Once again, I am absolutely shocked by how much I adored this book. While I loved A Court of Mist and Fury fiercely, I felt that A Court of Wings and Ruin didn’t quite measure up in comparison, and that A Court of Frost and Starlight was weak and forgettable compared to the rest of the series. I had just about decided that I would end my experience with the series there, but my brother changed my mind. He just binge-read all of ACOTAR and told me that ACOMAF had been his favorite until he read this one, which he thought was by far the strongest of the series. I didn’t really see how it could measure up to ACOMAF, but we rarely disagree when we read the same books. And he was so right. A Court of Silver Flames is just badass in every way. While not quite as romantic as A Court of Mist and Fury, A Court of Silver Flames surpasses it in girl-power, intensity, and spice level. I read furiously and enjoyed every minute.
I don’t know that I’ve come across any other character in fiction filled with the levels of self-loathing and self-destruction found in Nesta. And honestly, I hated her more than a little myself at the start of the book. I’ve found Nesta primarily loathsome with a few moments of promise over the course of the series, so I have to confess that I wasn’t that excited to read a full novel about her. But Maas once again proved herself to be exceptional at character development. Over the 757 pages of this book, Nesta hit new lows before reaching some incredible highs. As much as I’ve come to love Feyre over the past installments, I think my love for Nesta surpasses that. She dealt was some serious trauma and guilt, with both the unwanted help of Feyre and her family, and with the more readily accepted help of the friends she makes along the way. I was incredibly impressed with the ways in which she so radically transformed, and I was even more impressed with Maas for making that transformation realistic and believable.
If you love training montages, this is definitely the book for you. The vast majority of the book is spent watching Nesta and, later, her friends, training to become battle-ready. Not necessarily because battle looms, but as a way to work through some of the aforementioned issues. ACOSF deals a lot with various traumas, particularly focusing on the multiple forms of violence against women. Watching Nesta and her girls fight to overcome their trauma, to grow from the things they had suffered instead of letting it keep them broken, was incredibly empowering. I don’t know that I’ve ever read another book that screamed “girl-power” quite as strongly and organically as this one. I grew to really love the entire cast.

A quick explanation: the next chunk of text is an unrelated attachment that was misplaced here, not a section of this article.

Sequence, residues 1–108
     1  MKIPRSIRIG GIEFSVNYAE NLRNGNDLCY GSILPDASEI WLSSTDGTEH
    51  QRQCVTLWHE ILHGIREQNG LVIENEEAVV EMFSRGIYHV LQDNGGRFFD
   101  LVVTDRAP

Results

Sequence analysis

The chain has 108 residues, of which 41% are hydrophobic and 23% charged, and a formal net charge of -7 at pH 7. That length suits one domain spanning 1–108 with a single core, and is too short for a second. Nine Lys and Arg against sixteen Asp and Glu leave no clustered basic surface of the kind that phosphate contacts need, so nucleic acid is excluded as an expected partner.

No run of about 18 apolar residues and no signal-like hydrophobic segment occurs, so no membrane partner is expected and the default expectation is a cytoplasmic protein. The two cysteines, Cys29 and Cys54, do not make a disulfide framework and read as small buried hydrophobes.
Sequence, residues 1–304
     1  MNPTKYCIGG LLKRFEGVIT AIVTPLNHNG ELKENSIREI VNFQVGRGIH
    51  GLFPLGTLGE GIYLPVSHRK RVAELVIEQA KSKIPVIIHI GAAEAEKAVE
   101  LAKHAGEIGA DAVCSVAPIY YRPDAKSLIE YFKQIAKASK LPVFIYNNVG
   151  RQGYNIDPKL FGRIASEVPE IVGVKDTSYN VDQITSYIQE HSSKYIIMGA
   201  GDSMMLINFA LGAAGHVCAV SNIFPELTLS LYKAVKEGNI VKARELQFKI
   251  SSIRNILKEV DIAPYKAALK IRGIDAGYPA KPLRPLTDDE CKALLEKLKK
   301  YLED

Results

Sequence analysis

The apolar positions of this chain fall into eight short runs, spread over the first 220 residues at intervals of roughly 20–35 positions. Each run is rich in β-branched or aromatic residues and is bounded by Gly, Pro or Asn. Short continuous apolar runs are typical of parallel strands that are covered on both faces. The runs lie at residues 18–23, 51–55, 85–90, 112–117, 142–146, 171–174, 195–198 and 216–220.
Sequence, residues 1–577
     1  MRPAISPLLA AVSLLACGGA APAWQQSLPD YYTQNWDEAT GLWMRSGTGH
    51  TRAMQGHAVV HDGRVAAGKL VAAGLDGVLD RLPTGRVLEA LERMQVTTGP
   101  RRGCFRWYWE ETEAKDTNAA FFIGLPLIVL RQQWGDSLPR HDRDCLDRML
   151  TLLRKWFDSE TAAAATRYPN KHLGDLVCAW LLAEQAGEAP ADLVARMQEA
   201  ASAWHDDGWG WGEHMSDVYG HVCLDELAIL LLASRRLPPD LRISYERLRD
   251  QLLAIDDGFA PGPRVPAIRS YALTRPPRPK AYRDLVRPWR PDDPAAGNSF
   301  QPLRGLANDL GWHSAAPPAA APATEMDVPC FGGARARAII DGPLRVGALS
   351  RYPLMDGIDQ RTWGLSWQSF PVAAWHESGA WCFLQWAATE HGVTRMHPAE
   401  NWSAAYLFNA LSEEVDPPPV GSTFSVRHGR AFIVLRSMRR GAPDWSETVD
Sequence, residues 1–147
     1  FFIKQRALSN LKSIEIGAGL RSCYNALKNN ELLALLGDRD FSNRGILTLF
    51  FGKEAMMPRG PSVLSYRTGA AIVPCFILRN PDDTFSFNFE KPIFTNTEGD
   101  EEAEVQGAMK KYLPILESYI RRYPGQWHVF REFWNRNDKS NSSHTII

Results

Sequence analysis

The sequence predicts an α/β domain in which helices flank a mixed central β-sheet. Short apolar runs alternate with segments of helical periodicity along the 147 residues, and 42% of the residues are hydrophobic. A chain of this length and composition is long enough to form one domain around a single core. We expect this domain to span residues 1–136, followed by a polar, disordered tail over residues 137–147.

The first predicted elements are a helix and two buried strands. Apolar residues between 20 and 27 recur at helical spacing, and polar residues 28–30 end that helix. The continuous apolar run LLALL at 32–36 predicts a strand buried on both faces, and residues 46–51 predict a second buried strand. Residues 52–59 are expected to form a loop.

The girls weren’t the only strong characters in ACOSF. I loved Cassian as soon as I met him in ACOMAF. And he just got better in this book. I love a male character who believes in helping women claim their own agency instead of trying to strong-arm them into behaving a certain way. Cassian is all about helping these women succeed, and I love him even more for it. Azriel, as well. Maas created some truly fantastic characters in this series, both male and female, and I’m deeply invested in their collective world and their individual stories. After finishing this book, I truly can’t wait for whatever else Maas decides to publish set in Prythia.
One quick observation. Definitely not a complaint, just an observation. ACOSF is way more explicit than the previous installments in the series. Not only are sex scenes more frequent, they’re more…descriptive. Again, I’m not complaining at all. I just felt like I should give other readers a quick heads up. It’s almost like Maas kept hearing the series referred to as “fairy porn” and decided to just give the people what they seemed to expect. Also, this was the first book in the series told entirely in third person, which I think made me enjoy the writing even more.
The plot here was surprisingly interesting for a story that mostly revolved around freeing oneself from the pain of the past and learning to accept oneself. It never felt slow or plodding to me. I was equally invested in every facet of the story. But the more magic and lore-heavy scenes, which would seem to be the main draw, didn’t shine quite as brightly as the training montages and the internal battles these women, especially Nesta, faced day in and day out as they sought to rise above their pasts. These moments, which dominated the book, were just powerful every single time.
A Court of Silver Flames was empowering, thought-provoking, and potentially even healing for someone who has yet to deal with some past trauma in their own life. And, beyond all that, it was just a gripping, really strong story that kept me enthralled from start to finish. I loved Nesta’s story, and I can’t wait to see what comes next.
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